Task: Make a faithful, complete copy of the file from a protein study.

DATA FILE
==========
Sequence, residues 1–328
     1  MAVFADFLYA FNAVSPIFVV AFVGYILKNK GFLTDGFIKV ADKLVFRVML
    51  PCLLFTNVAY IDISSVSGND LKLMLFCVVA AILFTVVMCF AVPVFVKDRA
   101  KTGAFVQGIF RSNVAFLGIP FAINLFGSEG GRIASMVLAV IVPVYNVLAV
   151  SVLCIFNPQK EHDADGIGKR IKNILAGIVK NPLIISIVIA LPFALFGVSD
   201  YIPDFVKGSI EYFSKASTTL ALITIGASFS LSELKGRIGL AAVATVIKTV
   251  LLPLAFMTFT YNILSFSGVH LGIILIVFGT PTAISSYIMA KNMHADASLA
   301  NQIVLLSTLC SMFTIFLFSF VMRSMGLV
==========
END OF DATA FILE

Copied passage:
Sequence, residues 1–328
     1  MAVFADFLYA FNAVSPIFVV AFVGYILKNK GFLTDGFIKV ADKLVFRVML
    51  PCLLFTNVAY IDISSVSGND LKLMLFCVVA AILFTVVMCF AVPVFVKDRA
   101  KTGAFVQGIF RSNVAFLGIP FAINLFGSEG GRIASMVLAV IVPVYNVLAV
   151  SVLCIFNPQK EHDADGIGKR IKNILAGIVK NPLIISIVIA LPFALFGVSD
   201  YIPDFVKGSI EYFSKASTTL ALITIGASFS LSELKGRIGL AAVATVIKTV
   251  LLPLAFMTFT YNILSFSGVH LGIILIVFGT PTAISSYIMA KNMHADASLA
   301  NQIVLLSTLC SMFTIFLFSF VMRSMGLV